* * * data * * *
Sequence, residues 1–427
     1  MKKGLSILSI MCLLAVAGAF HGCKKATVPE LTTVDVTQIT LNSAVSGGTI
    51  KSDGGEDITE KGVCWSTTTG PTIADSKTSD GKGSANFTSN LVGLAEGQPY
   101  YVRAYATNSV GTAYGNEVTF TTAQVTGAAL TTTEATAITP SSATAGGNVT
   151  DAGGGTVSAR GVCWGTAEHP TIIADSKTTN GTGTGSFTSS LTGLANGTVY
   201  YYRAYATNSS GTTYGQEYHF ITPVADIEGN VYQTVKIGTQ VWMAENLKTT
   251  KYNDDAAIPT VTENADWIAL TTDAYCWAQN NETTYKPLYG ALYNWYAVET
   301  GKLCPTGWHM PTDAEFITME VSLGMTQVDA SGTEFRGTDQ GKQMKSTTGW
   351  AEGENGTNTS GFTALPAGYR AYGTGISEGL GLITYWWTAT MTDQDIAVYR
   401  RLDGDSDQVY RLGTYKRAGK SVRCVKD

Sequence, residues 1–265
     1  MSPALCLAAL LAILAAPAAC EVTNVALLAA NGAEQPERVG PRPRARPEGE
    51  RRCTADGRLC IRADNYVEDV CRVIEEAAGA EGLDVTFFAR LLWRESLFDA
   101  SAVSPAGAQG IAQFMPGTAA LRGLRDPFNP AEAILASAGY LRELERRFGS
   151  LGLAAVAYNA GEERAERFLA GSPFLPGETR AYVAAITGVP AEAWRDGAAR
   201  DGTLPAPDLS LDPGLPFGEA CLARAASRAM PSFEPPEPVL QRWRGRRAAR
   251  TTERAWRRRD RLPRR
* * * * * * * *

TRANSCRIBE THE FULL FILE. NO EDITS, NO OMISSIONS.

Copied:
Sequence, residues 1–427
     1  MKKGLSILSI MCLLAVAGAF HGCKKATVPE LTTVDVTQIT LNSAVSGGTI
    51  KSDGGEDITE KGVCWSTTTG PTIADSKTSD GKGSANFTSN LVGLAEGQPY
   101  YVRAYATNSV GTAYGNEVTF TTAQVTGAAL TTTEATAITP SSATAGGNVT
   151  DAGGGTVSAR GVCWGTAEHP TIIADSKTTN GTGTGSFTSS LTGLANGTVY
   201  YYRAYATNSS GTTYGQEYHF ITPVADIEGN VYQTVKIGTQ VWMAENLKTT
   251  KYNDDAAIPT VTENADWIAL TTDAYCWAQN NETTYKPLYG ALYNWYAVET
   301  GKLCPTGWHM PTDAEFITME VSLGMTQVDA SGTEFRGTDQ GKQMKSTTGW
   351  AEGENGTNTS GFTALPAGYR AYGTGISEGL GLITYWWTAT MTDQDIAVYR
   401  RLDGDSDQVY RLGTYKRAGK SVRCVKD

Sequence, residues 1–265
     1  MSPALCLAAL LAILAAPAAC EVTNVALLAA NGAEQPERVG PRPRARPEGE
    51  RRCTADGRLC IRADNYVEDV CRVIEEAAGA EGLDVTFFAR LLWRESLFDA
   101  SAVSPAGAQG IAQFMPGTAA LRGLRDPFNP AEAILASAGY LRELERRFGS
   151  LGLAAVAYNA GEERAERFLA GSPFLPGETR AYVAAITGVP AEAWRDGAAR
   201  DGTLPAPDLS LDPGLPFGEA CLARAASRAM PSFEPPEPVL QRWRGRRAAR
   251  TTERAWRRRD RLPRR